Cop City tensions rising as its referendum stalls

Protestors held signs outside of a Dekalb County courthouse last week to urge the release of protesters who chained themselves to “Cop City” construction equipment during the week prior. // Photos courtesy of Dean Hesse decaturish

Protests opposing the construction of the Atlanta Public Safety Training Center, otherwise dubbed “Cop City,” have continued despite the start of construction on the site and roadblocks in achieving a referendum that would put the issue on the ballot for voters to decide. 

As of Feb. 6, 2024, five people have been arrested or detained for protesting the construction of Cop City in the last two weeks. 

On Monday, Jan. 29, two demonstrators, 23-year-old Temperance Blick and 28-year-old Shiloh Whetstone, were arrested for criminal trespassing after they had locked themselves to equipment at the site of Brasfield & Gorrie, the lead contractors for Cop City. Authorities released the two activists later that evening.

Three people were also temporarily handcuffed and removed from proceedings on Feb. 5 during a sit-in of the Atlanta City Council chambers. 

This resulted from the council opting to have the courts decide the validity of the petitions and associated signatures, before voting to codify the process for procedures of public referendums.

Activists working to stop the construction and creation of Cop City submitted petitions in September, alleging to have collected 116,000 signatures. 

A hand count by the Associated Press, Georgia Public Broadcasting, WABE and the Atlanta-Journal Constitution later found it to be roughly 108,000.

However, a statistical sample of 1,000 taken by the Associated Press found that many of the signatures on the petition were invalid due to the state referendum laws that govern the process. 

Many of the signees had fabricated addresses, missing personal information or were ineligible voters in the city of Atlanta. The City of Atlanta also argues that the petitions were submitted late and violated state law. 

Appellate judges will hear arguments regarding  some petition witness issues and deadlines on Thursday, Feb. 8, delaying the codification of a referendum process again. 

There is also concern regarding matching signatures to signees to determine the validity of their ability to vote in Atlanta. 

Activists are beginning to grow increasingly frustrated with a lack of transparency and the bureaucracy involved in the process of codifying the referendum, which would allow them to vote on the issue.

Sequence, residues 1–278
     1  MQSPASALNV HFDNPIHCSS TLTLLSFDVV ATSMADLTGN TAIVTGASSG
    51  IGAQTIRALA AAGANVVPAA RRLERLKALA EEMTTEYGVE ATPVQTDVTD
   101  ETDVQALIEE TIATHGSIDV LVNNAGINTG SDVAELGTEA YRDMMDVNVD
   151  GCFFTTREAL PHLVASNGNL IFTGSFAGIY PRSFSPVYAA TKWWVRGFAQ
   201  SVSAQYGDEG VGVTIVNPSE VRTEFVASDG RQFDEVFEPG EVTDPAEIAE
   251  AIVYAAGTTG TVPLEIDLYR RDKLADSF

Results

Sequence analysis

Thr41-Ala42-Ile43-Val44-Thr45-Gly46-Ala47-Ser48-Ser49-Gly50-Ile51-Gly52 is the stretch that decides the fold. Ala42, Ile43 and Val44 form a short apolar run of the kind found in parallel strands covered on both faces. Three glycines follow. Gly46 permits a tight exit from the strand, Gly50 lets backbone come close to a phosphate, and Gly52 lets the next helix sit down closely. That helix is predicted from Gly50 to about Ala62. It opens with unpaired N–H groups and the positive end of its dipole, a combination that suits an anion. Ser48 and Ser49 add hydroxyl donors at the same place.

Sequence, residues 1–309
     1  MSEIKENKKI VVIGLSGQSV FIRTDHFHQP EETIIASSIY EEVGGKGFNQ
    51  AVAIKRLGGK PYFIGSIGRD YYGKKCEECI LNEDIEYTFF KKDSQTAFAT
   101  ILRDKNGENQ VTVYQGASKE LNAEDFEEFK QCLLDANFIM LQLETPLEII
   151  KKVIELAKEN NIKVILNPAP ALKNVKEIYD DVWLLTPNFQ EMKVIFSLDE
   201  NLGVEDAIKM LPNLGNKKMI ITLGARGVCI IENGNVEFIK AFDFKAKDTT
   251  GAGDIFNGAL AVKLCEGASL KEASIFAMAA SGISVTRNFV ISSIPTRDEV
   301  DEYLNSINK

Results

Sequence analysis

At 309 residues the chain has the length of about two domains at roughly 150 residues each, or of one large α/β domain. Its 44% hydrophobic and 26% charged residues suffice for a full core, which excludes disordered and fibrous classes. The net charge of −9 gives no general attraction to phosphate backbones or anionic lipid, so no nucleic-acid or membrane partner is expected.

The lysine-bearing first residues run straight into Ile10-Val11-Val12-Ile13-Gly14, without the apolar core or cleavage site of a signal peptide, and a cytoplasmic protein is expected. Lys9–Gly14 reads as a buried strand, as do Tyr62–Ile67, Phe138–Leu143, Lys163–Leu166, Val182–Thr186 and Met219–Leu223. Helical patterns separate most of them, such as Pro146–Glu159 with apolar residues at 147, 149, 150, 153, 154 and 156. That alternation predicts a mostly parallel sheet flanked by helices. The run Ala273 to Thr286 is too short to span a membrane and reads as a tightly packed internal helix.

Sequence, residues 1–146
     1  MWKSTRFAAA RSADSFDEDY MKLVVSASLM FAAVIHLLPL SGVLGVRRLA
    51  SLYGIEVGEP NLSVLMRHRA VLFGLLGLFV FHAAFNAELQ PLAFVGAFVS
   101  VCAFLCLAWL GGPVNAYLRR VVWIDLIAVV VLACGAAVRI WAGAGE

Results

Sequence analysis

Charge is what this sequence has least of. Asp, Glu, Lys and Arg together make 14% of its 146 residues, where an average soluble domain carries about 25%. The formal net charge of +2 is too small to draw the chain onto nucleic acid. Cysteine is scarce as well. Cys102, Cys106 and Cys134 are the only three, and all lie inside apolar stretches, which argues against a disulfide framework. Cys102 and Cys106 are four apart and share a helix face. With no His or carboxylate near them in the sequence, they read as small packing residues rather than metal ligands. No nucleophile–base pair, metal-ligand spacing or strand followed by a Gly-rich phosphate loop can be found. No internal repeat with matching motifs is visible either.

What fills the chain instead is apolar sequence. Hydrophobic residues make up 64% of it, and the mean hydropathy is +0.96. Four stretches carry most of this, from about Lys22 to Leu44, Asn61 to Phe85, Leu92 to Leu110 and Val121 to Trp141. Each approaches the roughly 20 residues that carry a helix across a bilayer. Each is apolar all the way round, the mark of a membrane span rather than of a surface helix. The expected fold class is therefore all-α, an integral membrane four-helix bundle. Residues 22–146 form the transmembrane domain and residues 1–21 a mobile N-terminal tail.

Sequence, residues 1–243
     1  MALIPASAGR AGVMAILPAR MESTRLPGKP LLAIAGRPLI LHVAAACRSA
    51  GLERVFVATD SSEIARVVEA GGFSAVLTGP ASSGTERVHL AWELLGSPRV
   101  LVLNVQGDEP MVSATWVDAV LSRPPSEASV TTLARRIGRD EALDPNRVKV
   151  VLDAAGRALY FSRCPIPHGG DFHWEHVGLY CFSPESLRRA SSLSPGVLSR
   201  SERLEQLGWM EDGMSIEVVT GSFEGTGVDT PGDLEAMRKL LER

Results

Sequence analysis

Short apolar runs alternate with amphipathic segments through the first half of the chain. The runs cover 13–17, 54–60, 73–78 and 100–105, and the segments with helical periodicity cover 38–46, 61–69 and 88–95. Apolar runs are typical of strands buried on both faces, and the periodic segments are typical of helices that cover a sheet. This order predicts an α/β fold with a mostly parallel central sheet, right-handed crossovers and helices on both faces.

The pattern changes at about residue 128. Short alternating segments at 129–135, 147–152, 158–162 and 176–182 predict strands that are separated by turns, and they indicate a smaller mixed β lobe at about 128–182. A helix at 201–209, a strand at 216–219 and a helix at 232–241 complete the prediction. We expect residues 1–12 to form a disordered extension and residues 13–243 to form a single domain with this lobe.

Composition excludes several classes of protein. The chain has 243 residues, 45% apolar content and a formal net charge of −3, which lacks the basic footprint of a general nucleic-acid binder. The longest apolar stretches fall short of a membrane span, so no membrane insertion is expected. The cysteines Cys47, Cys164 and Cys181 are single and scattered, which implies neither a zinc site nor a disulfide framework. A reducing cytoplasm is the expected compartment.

“Nearly 150 days after the signatures were submitted to Council, today represented yet another opportunity for Council to protect democratic processes and respect the people’s right to direct democracy,” said Lorraine, a member of the organized sit-in on Feb. 5, in a press release from Drop Cop City.

A local organizer for the coalition Drop Cop City, Mariah Parker, believes the construction of Cop City is “environmentally racist” and that the use of Cop City itself is “police terrorism.” 

The construction of Cop City is taking place on an 85-acre plot of land in the South River Forest, also known by its indigenous name, the Weelaunee Forest. 

The forest surrounds a large community that depends on the forest for recreation and additional greenspace.

Opposers fear that the creation of Cop City will lead to a worse quality of life and over-policing of the area. Parker also expressed their frustration with the use of $110 million towards the training center. 

“I think average Georgians can all relate to the excessive government waste that this project exemplifies. We all have things that we need to see in our neighborhoods. We need to see our roads fixed. We need to see homelessness alleviated by building more housing for people,” Parker said. “We have all these things that we all desperately need and are asking for. This project and projects like these are siphoning away from our community.”

On campus, Tech’s Organization for Social Activism and Stop Cop City Coalition have held multiple demonstrations in opposition to the construction of Cop City. Protests have continued across the greater Atlanta area, both violent and non-violent. 

Atlanta Mayor Andre Dickens said that the Atlanta Public Safety Training Center is more than 75% complete. The safety training center is projected to open
in December of 2024.

“We are moving forward as planned and not allowing distractions to deter us from improving the safety of Atlantans by completing the public safety training center,” Dickens said. “We have intentionally worked to incorporate the voice of the people, garnering strong support from the majority of our citizens who actively contributed valuable recommendations and feedback to this effort.”

The deadline has passed for Atlanta city council to vote on putting the Cop City referendum on the ballot for the upcoming primary election on May 21, 2024. 

The issue has continued to garner national attention, specifically after police shot and killed activist Manuel “Tortuguita” Terán near the center’s construction site in January 2023 after gunfire injured a state trooper. 

“If a Democratic city council has ignored the will of the public again and again, people should be asking themselves about it,” Parker said. “What does it mean about democracy that people are resorting to these means?”